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Nobody that buys the Metris as a family van is buying it because it's a Mercedes. They buy it because it's the right tool for the job. It has nothing to do with income, prestige, or assumed quality. The Metris is the cheapest Mercedes on the market. In fact I bought my van with every option available and it was still several thousand dollars cheaper than I paid for my Sienna 24 months ago (and I got a good deal on the Sienna), and several thousand dollars cheaper than the Odyssey that we looked at and several thousand dollars cheaper than even the Kia Sedona that we looked at. I know that you will just think all that means is that you get good value, but that's not true either. All of those other minivans include so much more than you can get on the Metris; HID/LED head lights, LED turn and stop lights, power rear hatch, remote open/close for both sliding doors and rear hatch, dual sunroofs, wheels in contemporary sizes (19-20 inch), AWD/4 wheel drive, adaptable cruise control, keyless entry, remote start, electric adjustable seats, memory position seats and mirrors program able to the key fob, heated/cooled seats, heated second row seats, reclining 2nd and 3rd row seats, adjustable 2nd row seats, fold away 2nd and 3rd row seats, 2nd and 3rd row cup holders, integrated entertainment systems, superior navigation, Apple/android play, fold down DVD screen with infrared headphones, multiple USB ports in the 2nd and 3rd rows, retractable sunscreens in the 2nd and 3rd row, power windows 2nd and 3rd rows, and myriad electronic safety and convenience features. In short the Metris is the least well equipped family vehicle on the market, it is cheap. So, if someone wants to buy a Metris and install an inexpensive car seat I think it fits the Metris just fine.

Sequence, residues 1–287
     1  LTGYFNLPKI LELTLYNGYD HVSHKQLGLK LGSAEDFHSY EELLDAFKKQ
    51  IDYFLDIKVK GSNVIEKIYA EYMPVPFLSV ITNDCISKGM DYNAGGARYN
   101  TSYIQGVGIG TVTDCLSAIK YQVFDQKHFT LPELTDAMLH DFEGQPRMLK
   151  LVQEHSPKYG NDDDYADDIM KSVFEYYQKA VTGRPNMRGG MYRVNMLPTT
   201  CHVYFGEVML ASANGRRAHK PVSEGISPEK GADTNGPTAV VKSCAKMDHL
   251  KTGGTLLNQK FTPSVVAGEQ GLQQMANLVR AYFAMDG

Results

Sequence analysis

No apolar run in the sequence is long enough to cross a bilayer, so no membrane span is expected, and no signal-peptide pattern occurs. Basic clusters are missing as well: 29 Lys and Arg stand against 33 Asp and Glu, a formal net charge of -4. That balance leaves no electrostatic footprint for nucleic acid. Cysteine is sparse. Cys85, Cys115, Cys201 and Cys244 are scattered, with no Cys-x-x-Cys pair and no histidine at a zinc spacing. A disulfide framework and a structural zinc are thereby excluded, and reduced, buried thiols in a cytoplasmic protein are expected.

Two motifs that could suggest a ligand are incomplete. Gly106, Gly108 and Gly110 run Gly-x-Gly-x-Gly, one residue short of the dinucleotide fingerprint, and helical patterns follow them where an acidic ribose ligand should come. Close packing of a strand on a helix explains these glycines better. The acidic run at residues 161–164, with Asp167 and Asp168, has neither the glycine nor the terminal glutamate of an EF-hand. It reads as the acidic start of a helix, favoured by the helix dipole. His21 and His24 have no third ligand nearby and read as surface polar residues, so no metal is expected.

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A Mercedes is an expensive vehicle to own and operate. They are much more sparsely equipped and a lot less flexible than a comparably equipped minivan. You buy one for construction quality, long life, nonpareil safety record, and superior high speed performance. If none of these things matter to you, you made a terrible mistake.
 

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Actually, you have it backwards. The biggest cost in your average work vehicle is fuel use. After fuel use (a Metris has a V6 minivan or low roof Full-size van flattened in that area) the biggest cost over its life, unless you hyper extend that life, is depreciation.

The value of the vehicle approaches scrap value as it wears out. So the most efficient way to decrease the per month or per mile cost of a vehicle is to extend its life as long as possible. Properly servicing your van at a dealer or competent MB specialist is the key to getting the longest possible life. You maintain your van and don’t abuse it, you can do well over half a million miles in it.